Leaflet for drug Tryparsamide. Made by Pharmaceutical Specialties [May & Baker] Ltd., Dagenham, England, circa 1925, by arrangement with the Rockefeller Institute for Medical Research. Kept in a mental health hospital pharmacy and administered to patients at a mental health hospital in Victoria, Australia.

Tryparsamide (trade name) is sodium N-phenylglycineamide-p-arsonate, a compound containing 25% arsenic. Used in conjunction with malarial fever therapy to treat tertiary neuro-syphilis in patients diagnosed with General Paralysis of the Insane (GPI), having been originally developed for the treatment of human African trypanosomiasis, or African sleeping sickness. GPI was found to be caused by the spirochaete bacterium Treponema pallidum and later treated effectively with penicillin.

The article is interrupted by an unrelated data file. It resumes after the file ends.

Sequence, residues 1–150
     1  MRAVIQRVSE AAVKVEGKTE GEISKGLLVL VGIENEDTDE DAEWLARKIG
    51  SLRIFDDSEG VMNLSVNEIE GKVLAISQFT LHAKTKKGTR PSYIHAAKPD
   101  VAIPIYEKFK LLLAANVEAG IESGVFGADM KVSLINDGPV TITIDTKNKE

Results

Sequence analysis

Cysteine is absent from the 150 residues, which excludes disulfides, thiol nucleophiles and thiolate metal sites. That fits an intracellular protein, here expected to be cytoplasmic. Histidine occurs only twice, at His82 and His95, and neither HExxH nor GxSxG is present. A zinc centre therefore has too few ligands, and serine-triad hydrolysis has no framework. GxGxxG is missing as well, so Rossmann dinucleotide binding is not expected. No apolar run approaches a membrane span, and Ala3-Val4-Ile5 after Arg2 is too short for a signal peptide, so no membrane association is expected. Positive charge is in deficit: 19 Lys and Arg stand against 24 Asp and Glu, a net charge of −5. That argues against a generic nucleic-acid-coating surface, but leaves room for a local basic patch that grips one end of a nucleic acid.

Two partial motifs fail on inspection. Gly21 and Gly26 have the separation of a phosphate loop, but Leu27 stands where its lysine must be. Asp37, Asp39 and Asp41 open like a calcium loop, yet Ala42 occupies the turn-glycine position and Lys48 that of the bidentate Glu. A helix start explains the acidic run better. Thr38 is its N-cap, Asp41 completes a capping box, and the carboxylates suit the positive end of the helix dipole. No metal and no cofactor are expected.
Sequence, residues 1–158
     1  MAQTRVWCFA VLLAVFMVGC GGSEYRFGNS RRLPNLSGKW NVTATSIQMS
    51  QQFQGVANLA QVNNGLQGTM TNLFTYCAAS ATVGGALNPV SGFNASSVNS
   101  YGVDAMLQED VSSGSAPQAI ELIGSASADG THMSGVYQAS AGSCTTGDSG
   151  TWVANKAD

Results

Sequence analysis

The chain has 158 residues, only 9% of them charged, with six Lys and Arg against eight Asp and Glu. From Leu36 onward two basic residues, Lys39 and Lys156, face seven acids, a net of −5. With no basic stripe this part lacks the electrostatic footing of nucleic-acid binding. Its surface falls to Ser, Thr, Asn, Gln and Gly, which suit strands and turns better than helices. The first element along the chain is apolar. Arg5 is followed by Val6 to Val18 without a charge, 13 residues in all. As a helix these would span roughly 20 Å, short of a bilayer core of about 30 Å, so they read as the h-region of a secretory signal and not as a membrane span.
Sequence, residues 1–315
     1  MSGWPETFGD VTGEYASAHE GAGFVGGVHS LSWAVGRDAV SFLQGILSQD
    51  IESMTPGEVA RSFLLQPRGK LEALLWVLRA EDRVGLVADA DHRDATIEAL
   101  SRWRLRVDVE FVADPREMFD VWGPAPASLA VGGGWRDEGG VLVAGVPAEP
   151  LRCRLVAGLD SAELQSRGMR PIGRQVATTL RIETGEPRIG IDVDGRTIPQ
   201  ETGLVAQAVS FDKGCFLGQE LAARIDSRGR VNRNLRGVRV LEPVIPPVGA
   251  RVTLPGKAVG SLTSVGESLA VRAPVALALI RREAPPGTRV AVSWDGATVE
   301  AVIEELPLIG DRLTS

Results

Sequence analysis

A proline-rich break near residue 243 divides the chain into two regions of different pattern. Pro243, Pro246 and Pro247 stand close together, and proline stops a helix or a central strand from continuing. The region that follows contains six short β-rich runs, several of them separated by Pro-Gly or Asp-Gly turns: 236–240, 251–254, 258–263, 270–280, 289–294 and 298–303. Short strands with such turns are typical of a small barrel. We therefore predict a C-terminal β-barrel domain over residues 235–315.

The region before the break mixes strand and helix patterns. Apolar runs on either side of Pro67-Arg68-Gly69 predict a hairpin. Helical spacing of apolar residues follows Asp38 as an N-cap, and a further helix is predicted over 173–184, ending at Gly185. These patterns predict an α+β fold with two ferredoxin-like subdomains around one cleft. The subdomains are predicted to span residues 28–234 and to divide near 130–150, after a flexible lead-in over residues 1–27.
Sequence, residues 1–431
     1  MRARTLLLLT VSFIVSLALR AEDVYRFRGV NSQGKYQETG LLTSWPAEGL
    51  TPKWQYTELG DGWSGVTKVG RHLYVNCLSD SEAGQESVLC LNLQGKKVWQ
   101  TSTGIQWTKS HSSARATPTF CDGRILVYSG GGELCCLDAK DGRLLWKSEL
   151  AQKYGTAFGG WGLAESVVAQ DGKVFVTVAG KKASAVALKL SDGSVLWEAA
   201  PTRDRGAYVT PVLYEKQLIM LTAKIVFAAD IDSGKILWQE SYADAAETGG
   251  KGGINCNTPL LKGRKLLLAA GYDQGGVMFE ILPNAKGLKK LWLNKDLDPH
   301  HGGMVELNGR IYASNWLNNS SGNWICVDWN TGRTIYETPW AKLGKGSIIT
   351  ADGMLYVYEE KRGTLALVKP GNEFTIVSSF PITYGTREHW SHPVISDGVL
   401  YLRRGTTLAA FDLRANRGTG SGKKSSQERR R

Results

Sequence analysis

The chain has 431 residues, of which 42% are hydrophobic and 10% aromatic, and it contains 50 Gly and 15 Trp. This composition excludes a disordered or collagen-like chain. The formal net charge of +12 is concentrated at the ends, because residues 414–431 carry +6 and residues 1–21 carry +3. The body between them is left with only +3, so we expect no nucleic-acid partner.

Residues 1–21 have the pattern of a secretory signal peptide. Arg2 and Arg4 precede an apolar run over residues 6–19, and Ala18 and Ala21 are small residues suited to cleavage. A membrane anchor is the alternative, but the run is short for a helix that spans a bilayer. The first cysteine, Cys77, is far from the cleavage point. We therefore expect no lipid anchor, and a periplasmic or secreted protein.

Physical Description

White paper leaflet with light blue printed text. Front describes form, indications and potential side-effects. Reverse describes clinical uses and administration for both neuro-syphilis and trypanosomiasis. May & Baker trademark and company details at bottom of page.

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